CHICAGO (WLS) -- He spent 25 years caring for hospital patients, as a nurse.
Now, he's the one receiving end, becoming the first person to receive a liver and lung transplant at Northwestern Medicine.
"Don't take life for granted," lung-liver transplant recipient Patricio Collera said.
Wise words from Collera, who now has a new outlook on life thanks to Northwestern Medicine.
"I'm putting my life on the line for a procedure very rare and complicated," he said.
Collera, a retired Northwestern Medicine nurse, was diagnosed with a lung and liver disease in 2017.
Breathing became such a challenge that he relied on supportive oxygen 24-7, forcing the nurse to leave the profession he loved.
"My life before the surgery for months and over a year was a miserable one," Collera said. "I was dragging oxygen tubing where I wanted to."
"One of the critical issues during multi organ transplants such as lung and liver is the time these organs stay outside the human body," Dr. Ankit Bharat, chief of thoracic surgery at Northwestern Medicine.
Collera needed a lung and liver transplant, a procedure so rare and complex that only 10 operations have been performed in the United States this year.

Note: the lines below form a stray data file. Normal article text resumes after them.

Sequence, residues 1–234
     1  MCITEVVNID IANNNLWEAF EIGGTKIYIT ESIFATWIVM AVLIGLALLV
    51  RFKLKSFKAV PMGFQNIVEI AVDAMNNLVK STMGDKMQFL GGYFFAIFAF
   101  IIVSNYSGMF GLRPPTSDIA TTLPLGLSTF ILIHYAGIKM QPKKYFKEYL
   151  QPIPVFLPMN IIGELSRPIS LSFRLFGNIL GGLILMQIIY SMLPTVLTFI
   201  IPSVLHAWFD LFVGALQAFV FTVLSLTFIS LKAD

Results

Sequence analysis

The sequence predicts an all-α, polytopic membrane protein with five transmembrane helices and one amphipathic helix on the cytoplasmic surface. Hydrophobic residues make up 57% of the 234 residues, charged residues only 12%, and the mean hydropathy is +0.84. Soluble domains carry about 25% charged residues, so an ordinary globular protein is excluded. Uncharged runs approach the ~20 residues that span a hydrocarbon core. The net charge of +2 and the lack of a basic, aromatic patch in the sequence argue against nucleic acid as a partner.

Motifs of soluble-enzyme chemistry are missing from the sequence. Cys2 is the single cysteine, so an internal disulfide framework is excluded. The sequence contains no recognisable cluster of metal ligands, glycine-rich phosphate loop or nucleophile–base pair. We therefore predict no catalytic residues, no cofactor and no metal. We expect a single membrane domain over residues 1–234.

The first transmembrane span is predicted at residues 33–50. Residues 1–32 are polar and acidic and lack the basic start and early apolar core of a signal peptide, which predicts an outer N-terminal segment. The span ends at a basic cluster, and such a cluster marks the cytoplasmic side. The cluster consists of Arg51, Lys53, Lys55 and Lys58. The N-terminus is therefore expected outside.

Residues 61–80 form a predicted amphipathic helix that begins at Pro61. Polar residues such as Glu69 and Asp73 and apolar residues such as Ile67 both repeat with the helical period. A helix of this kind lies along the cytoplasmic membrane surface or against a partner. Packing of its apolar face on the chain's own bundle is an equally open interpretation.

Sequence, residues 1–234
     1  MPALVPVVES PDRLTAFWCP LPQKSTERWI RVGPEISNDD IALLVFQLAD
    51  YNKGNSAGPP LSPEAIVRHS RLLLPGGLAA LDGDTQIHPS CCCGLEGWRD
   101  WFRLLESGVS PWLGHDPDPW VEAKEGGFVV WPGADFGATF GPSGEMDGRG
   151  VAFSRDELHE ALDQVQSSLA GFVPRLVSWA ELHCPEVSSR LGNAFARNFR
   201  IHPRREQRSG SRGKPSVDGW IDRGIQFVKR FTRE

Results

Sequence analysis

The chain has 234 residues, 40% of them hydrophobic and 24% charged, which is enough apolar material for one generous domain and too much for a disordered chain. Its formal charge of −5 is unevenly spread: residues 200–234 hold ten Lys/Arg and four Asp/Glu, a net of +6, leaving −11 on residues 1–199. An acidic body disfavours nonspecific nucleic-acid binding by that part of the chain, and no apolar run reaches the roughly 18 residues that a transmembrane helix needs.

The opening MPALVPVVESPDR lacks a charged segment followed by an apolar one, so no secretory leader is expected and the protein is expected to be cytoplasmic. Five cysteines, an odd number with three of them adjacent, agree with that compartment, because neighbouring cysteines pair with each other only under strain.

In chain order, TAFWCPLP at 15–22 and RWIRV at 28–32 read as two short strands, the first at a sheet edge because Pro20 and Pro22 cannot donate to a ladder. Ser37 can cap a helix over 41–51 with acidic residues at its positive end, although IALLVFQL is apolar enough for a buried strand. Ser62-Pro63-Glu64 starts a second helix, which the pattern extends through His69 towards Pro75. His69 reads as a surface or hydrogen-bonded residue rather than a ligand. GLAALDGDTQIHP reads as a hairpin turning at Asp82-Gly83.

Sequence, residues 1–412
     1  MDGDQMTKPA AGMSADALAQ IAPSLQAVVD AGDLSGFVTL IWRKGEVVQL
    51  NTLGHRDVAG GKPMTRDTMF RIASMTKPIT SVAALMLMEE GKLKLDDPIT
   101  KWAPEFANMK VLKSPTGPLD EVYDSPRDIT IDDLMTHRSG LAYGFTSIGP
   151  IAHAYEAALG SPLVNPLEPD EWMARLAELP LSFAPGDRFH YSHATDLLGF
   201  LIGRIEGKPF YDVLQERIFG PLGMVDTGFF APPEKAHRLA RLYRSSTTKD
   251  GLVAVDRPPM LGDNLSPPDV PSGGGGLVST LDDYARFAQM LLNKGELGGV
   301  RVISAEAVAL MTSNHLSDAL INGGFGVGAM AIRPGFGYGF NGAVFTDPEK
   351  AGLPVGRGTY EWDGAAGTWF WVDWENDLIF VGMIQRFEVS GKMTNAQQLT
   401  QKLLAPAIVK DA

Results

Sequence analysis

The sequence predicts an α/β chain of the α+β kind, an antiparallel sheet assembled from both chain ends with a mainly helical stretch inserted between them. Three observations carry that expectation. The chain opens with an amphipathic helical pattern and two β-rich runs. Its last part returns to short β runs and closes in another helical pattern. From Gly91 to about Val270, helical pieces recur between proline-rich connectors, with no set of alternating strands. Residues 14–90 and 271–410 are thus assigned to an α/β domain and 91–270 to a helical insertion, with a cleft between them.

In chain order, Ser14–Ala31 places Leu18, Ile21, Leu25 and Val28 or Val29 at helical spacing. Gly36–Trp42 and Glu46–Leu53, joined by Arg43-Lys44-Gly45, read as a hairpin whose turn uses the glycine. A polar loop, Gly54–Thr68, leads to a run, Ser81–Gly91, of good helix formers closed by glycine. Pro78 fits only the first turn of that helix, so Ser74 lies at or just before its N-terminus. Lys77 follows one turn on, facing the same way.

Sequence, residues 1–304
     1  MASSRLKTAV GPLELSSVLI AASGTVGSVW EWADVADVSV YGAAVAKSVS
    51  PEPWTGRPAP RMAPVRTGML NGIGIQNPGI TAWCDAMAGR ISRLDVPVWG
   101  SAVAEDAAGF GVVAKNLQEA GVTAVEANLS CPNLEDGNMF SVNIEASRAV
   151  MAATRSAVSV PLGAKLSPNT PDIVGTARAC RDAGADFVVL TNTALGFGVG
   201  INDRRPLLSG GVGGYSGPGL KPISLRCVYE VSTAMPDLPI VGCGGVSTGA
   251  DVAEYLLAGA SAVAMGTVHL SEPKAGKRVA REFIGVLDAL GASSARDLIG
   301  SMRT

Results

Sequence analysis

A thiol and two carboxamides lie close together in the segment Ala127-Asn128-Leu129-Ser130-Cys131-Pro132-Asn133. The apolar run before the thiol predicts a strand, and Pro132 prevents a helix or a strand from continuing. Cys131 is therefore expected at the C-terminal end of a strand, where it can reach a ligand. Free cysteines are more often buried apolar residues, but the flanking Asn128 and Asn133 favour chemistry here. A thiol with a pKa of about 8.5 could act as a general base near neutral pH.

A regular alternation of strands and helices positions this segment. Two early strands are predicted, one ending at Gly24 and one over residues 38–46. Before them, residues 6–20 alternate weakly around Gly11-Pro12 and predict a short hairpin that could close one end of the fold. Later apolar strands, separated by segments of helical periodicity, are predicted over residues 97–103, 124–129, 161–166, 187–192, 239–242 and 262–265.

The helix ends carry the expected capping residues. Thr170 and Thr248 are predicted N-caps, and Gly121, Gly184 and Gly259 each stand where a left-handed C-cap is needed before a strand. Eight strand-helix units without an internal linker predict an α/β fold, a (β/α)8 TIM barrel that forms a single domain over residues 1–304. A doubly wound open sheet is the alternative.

"So we had to work twice as fast with twice the efficiency to make sure the procedure was successful," Dr. Bharat said.
Just 10 days after being listed for the transplant, Collera received the call that would ultimately save his life.
"Northwestern took me and assured me that they were going to do a lung and a liver transplant at the same time. I was overjoyed," Collera said.
The operation was not only successful, but historic for Northwestern.
Collera became Northwestern Medicine's first-ever patient to receive a lung-liver transplant.
"They all worked in perfect harmony. As we like to call it, in a perfectly coordinated ballroom dance to make sure this was a success," Dr. Bharat said.
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